To defeat New York Red Bulls, an opponent must overcome a system built on space reduction. The teams above Red Bulls in the Eastern Conference have collected a grand total of one point againts Jesse Marsch’s men in regular season play this season, and against Atlanta United and NYCFC, the scores were not close.
But Philadelphia Union went punch for punch in Red Bull Arena in May, and their own system, resting on a commitment to building out of the back and using their workhorse midfielders to spread the ball around, has proven to be a difficult matchup for New York.
Let’s take a quick look at two aspects of how the Union overcame Red Bulls hard pressure on Saturday night in the US Open Cup’s fourth round.
Red Bull pressing shape
After a midweek match against Seattle, Marsch rested key men Daniel Royer, Bradley Wright-Phillips, and Aaron Long. Although the first two names appear more often in headlines, Long’s partnership with Tim Parker has been the backbone of Red Bulls’ ability to high press without conceding high quality chances going the other way. This tradeoff -- taking away space high up the pitch while giving up space in transition -- is fundamental in modern high pressure systems regardless of how they are executed. Jurgen Klopp, Pep Guardiola, and Ralf Rangnick, the mastermind of Red Bulls’ entire soccer playing philosophy, have all come up with different ways of responding to this risk/reward proposition.
Without Long, Marsch used three centerbacks flanked by wingbacks. This was meant to provide extra cover against the Union’s speedy wingers who were such a threat the last time these teams met. In front of that defense, Tyler Adams sat as a shield who could release and prevent Borek Dockal from playing long passes in behind. Beyond Adams, four players pressed high up the pitch in a diamond shape to prevent Philly’s buildups from creating space for Haris Medunjanin.
Union beating the first man
At the core of Red Bulls’ defensive philosophy is space compression. In order to make the field small and give New York’s midfield athletes to converge on a player receiving the ball and force him into quick, clumsy decisions, they must first reduce the number of options apparent to the passer. The simple analogy here is American football, in which a defensive unit will blitz the quarterback with the dual goals of either tackling him or reducing his time to make reads further down the pitch. This means the ball will end up in front of the defense so they can close on it or it will be thrown without adequate thought, in which case an interception is more likely.
By blitzing the ball carrier, New York looks to limit decision-making in a similar way, forcing smart player into unsmart decisions.
But if you can get around the first man pressing, Red Bulls end up in a conundrum of their own. If somebody else leaves their man, and that man makes an intelligent move to get into an open passing lane, there is a waterfall effect and the attacking team can either find a free man or, if nobody on Red Bull steps forward, play the ball into space on the opposite side of the pitch.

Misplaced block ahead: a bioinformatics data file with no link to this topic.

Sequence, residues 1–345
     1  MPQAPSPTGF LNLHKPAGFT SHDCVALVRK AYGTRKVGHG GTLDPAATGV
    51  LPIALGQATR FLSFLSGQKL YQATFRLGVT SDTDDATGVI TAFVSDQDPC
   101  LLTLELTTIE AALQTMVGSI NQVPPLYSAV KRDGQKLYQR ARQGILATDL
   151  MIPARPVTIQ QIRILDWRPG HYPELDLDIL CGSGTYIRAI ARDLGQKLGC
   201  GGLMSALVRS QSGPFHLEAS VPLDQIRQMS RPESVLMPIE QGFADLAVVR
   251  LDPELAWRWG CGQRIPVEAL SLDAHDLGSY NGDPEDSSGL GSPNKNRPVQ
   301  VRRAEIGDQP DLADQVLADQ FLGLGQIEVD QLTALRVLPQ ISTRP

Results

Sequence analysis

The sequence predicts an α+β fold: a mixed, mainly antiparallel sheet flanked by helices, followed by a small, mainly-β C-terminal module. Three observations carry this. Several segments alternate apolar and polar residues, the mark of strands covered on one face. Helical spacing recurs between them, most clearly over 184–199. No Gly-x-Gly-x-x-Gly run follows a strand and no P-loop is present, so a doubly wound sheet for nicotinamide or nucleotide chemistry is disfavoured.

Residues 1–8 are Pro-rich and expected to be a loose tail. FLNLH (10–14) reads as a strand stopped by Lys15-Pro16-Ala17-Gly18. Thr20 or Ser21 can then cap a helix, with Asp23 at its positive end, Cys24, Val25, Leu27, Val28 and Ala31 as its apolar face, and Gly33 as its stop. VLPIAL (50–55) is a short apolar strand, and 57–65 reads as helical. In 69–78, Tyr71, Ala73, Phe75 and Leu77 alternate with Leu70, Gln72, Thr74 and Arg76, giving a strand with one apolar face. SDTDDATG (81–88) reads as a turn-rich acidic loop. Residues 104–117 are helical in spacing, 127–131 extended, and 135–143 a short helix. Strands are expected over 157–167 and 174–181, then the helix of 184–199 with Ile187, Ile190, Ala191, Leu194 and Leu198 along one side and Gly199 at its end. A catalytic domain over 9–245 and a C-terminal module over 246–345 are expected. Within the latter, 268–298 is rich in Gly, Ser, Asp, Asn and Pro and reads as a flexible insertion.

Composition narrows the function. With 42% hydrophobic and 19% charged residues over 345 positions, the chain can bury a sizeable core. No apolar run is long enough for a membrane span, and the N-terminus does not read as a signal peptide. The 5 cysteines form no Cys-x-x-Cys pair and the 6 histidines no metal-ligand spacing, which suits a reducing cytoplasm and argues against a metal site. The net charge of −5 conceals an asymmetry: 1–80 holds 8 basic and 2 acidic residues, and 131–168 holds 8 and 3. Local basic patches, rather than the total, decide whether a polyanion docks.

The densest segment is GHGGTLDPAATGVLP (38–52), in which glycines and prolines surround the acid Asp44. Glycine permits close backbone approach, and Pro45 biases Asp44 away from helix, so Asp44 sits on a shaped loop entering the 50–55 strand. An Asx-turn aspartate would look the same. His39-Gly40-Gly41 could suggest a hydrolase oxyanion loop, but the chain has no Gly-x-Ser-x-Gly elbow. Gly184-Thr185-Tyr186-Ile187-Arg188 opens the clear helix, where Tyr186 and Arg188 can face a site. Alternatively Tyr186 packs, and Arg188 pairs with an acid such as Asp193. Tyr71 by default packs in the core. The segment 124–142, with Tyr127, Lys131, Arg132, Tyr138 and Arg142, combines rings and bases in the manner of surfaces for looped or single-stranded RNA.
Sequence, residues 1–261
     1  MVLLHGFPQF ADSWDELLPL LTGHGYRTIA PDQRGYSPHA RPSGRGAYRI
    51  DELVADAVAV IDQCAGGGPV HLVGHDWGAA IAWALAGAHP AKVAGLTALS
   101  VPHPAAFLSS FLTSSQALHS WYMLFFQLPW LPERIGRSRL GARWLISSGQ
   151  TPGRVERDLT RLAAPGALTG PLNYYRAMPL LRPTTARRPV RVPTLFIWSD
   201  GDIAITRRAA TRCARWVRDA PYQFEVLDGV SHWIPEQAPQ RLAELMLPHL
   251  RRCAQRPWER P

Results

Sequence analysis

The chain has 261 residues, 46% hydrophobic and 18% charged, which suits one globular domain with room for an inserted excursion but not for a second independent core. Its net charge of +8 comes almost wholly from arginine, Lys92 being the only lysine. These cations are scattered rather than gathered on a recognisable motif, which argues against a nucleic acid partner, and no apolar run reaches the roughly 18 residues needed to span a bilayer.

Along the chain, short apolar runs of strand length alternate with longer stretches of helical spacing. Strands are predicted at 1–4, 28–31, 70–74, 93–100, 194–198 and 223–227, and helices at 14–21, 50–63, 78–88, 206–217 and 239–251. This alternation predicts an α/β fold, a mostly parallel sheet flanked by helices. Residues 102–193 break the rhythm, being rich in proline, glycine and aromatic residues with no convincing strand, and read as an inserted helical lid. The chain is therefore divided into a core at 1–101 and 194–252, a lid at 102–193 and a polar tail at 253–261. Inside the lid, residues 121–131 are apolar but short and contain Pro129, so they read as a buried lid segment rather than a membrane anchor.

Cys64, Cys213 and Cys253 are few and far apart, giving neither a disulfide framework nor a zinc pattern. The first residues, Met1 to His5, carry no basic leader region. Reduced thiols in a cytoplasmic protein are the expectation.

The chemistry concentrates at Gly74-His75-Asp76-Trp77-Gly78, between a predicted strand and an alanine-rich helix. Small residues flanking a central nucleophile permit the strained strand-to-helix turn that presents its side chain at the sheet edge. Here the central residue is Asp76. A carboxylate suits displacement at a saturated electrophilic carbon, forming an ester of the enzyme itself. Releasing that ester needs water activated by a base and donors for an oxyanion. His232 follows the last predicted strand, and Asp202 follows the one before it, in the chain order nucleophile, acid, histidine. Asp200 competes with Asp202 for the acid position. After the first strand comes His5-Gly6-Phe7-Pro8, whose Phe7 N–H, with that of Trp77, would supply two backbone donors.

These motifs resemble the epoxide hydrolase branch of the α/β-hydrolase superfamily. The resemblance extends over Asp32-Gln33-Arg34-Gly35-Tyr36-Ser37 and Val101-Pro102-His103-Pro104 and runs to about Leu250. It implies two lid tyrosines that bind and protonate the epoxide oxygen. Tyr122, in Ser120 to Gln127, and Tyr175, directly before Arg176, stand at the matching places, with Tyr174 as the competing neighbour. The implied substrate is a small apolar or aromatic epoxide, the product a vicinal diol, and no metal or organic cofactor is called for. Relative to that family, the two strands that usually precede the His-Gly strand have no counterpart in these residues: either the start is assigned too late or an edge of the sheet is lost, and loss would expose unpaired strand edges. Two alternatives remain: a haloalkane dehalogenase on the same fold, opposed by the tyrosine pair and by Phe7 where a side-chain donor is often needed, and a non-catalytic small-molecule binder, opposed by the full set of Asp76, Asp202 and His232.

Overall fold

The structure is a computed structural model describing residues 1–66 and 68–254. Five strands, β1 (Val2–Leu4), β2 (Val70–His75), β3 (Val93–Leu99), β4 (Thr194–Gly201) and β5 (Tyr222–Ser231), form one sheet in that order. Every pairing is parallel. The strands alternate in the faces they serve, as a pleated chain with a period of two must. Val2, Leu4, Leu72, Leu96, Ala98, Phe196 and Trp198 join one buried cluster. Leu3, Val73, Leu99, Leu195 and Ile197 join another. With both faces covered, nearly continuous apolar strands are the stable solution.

That space is the price New York pays for putting so many men around the ball, and they can usually pay it without consequence because they do such a good job of keeping heads down.
The Union, though, continually used body feints and pass fakes to send Red Bulls initial defensive pressure away. Here you can see Ale Bedoya’s body feint creating a lane through which he can carry the ball, inviting the next man to step forward while he scans the field for a more dangerous pass.
And below Haris Medunjanin creates a passing lane by looking off the defender.
In both cases, the Union are using Red Bulls’ anticipatory defending against them. All teams in the Red Bull ecosystem focus on reading defenders’ bodies and eyes in order to anticipate the next pass and quickly close before the receiver can pick out an option to relieve pressure. Philly’s midfield trio was excellent all night at undermining the New York aggressiveness with on-ball confidence.
Playing into space
The second tactic the Union used to great effect on Saturday was a simple one: Play into space, even if that pass is not the most vertical or dangerous. Jim Curtin likes to emphasize playing forward, but against Red Bull, sometimes a long square ball is every bit as attacking as one that travels forward.
This counterintuitive notion is a product of Red Bulls willingness to commit bodies to the ball-near side of the pitch. The logic is strong: Create numerical superiority around the ball and the opposition is more likely to struggle to contain you when you break forward after turnovers. Again, though, the cost of dominating one side of the pitch is leaving space on the other. And the Union’s midfield showed a dedication to playing long passes, and their success was driven by an intuitive, practiced understanding of where support would be even if they did not have time to look around and pick out a perfect option.
Overall, the Union’s ability to find open men to exit pressure meant Red Bulls system could not dominate the match as it has against numerous other opponents this season. Few teams have created as many chances in the box as Philly did against New York, and even without Marsch’s full strength squad that is quite an achievement; a far weaker Red Bulls side has already beaten Portland this year.